- The Washington Times - Saturday, August 24, 2002

Silk has been called the cloth of kings, yet it is born from a lowly worm. The "Secrets of Silk" exhibition at the Textile Museum shows how the tiny Bombyx mori silkworms make cocoons for their change from caterpillars to moths, then produce two fine threads of silk from glands on either side of their heads. Astonishingly enough, the threads can be more than a mile long.
The exhibit also displays 24 fine silk pieces from as early as the 16th century to modern times. It presents work as different as an intricately embroidered, 19th-century Japanese "Furisode" (kimono) and 17th-century Indian carpet fragments of the Mughal period.
The museum organized "Secrets of Silk" as part of this summer's Smithsonian Folklife Festival dedicated to "The Silk Road: Connecting Cultures, Creating Trust" and is a pleasant reminder of that very special event. Silk has always been associated with the romanticized "Silk Road" that stretched across Central Asia from China to Rome.
Legend has it that Chinese Empress Hsi Ling-shi discovered silk when a silkworm cocoon fell into her tea and unraveled. In the late second-century B.C., Emperor Wu-ti sent an agent to explore the lands west of China. The agent managed to reach Afghanistan, and historians regard his trip as one of the great historic events of early times.
The late second-century B.C. date for initial travel along the Silk Road was accepted for centuries. Now, recent finds of silk in the hair of an Egyptian mummy from 1000 B.C. long before what was regarded as regular traffic on the route figures in exciting new research that places human activity along the road much earlier.
Although "Secrets of Silk" is clearly an educational exhibit, the museum weaves the story of silk making and use in clearly understood and handsome ways. In fact, such gorgeous textiles as an Ottoman Empire religious mantle of crescent designs ("Silk Cope," Istanbul, late 16th century) make visitors all the more eager to find out more about those silk-producing critters.
Four 20th-century Japanese woodblock prints struck after prints by Prince Kitagawa Utamaro (1753-1806) show women tending to the caterpillars. The women harvest leaves from mulberry trees for them to eat, as they must be fed five to 10 times a day during their monthlong larval stage. Another print shows women placing silkworms on trays for spinning the cocoons. Then they unwind the long silk filaments from the cocoon in a process called reeling.
The "Furisode" placed nearby shows fascinating Japanese advances in texturing techniques by the late 19th century. The exhibit label tells visitors that artists twisted silk in different ways to create different textures. The basic fabric is a silk crepe with untwisted warps (warps are vertical threads on the loom) and tightly twisted wefts (threads artists put through the warps horizontally).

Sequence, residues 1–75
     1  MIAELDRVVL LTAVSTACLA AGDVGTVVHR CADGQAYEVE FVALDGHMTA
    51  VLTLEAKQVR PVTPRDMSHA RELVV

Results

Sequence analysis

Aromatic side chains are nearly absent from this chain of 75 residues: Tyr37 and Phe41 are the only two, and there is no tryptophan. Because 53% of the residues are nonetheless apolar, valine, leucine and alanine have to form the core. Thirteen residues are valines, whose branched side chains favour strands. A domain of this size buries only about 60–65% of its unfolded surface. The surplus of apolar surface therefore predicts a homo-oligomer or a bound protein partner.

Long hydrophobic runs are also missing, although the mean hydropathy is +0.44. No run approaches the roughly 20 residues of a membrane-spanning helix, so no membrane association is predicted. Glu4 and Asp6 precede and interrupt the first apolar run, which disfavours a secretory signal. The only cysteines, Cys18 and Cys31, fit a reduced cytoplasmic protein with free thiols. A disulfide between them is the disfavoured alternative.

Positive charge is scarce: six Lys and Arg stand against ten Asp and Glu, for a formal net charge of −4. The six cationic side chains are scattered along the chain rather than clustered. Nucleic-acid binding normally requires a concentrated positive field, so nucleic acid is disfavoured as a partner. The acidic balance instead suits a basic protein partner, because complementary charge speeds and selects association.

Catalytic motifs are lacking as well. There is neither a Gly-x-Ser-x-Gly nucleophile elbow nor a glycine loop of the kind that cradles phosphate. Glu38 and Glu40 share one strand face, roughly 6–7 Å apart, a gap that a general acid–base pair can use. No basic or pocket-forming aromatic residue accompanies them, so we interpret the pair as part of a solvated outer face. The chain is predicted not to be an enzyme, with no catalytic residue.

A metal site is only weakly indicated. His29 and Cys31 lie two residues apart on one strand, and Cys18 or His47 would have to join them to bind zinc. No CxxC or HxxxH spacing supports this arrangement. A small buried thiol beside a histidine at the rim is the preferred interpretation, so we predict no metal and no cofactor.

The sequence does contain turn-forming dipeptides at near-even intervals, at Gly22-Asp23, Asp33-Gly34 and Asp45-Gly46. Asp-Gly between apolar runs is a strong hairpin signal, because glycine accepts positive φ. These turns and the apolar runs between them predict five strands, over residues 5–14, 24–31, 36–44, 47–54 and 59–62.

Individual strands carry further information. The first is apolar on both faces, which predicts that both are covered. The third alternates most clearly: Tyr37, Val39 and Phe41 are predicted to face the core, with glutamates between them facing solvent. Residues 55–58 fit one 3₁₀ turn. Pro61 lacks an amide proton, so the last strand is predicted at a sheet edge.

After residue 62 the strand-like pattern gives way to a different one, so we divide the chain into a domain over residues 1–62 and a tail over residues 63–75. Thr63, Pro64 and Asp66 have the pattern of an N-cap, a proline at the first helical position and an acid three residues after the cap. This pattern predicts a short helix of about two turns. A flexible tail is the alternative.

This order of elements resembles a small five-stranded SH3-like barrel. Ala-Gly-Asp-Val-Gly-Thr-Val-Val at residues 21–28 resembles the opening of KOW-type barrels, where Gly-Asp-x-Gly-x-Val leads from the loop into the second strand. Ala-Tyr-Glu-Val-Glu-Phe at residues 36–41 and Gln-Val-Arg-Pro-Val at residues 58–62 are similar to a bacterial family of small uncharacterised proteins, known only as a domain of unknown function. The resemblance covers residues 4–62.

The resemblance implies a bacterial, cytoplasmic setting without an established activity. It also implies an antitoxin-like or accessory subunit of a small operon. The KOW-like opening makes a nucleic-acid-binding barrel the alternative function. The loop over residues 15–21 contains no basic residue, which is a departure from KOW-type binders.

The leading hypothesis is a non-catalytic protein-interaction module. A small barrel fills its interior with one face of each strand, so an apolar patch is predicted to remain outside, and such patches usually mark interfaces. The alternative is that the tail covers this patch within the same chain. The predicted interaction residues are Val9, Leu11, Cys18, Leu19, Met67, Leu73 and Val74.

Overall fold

Glistening silk-embroidered stitches define stylized darting cranes, clumped pine trees, barren rocks, prancing roosters and forked autumn leaves. Untwisted and tightly twisted silk threads were used for the needlework, adding to the texture of the ground, or basic fabric. Micrographs placed nearby show the textures in magnified detail.
Turquoises that melt into deep blue in the kimono show the extraordinary effects possible in the dyeing process. The filaments, or threads, a silkworm produces are of a protein called fibroin. Protein fibers bond easily with dye molecules when they interact chemically.
The star of the exhibit is a large Chinese "Hanging" of a dragon ferociously clawing the elements. This late 19th-century Qing dynasty tapestry emblazoned with a dragon (the emblem of the emperor) was woven by the imperial workshops for court rituals.
Artists embroidered its glistening lemon yellow ground with red and blue threads and metallic-wrapped accents. The very smooth surfaces of silk ensure its special sheen and luster.
Another work exploring silk's distinct luster is an exquisite, early 20th-century, golden "Headcloth" from Pakistan. The Pakistanis aligned long silk embroidery stitches in both vertical and horizontal directions, making the single gold color appear as two different shades. The exhibit label recommends that visitors walk around the piece to view it from different angles.
There is also cloth from the Western Hemisphere. The "Huipil" (blouse) from Oaxaca, Mexico (early 20th century) was made of spun silk and is less shiny than reeled silk. The Mexicans hand-spun both the silk and cotton of the huipil with the same kind of spindle.
The Spanish introduced Bombyx mori silkworms into Oaxaca for local use, but the technique is different from the usual. Mexican have the silkworms hatch from their cocoons. The worms fracture the filaments and make reeling impossible.
Colorful red-and-white stylized birds on red stripes form a rectilinear pattern on a dramatic black background. Unfortunately, the exhibit labels tell visitors nothing about the symbolism of the birds. The museum does not explain that the "Cope" from Istanbul is an ecclesiastical mantle usually worn by prelates in religious processions. The labels do not spell out the meaning of the cranes, rocks and pines in the "Furisode" or that its asymmetric design is typically Japanese.
Explanations of weaving techniques of "weft" and "warp" would have been useful.
Still, this exhibition of 24 of the Textile Museum's finest silks from around the world is handsome and informative. Don't miss it.

WHAT: "Secrets of Silk"
WHERE: Collections Gallery, Textile Museum, 2320 S St. NW
Monday through Saturday, 10 a.m. to 5 p.m., Sunday, 1 to 5 p.m., through Jan. 5
Free with a suggested donation of $5

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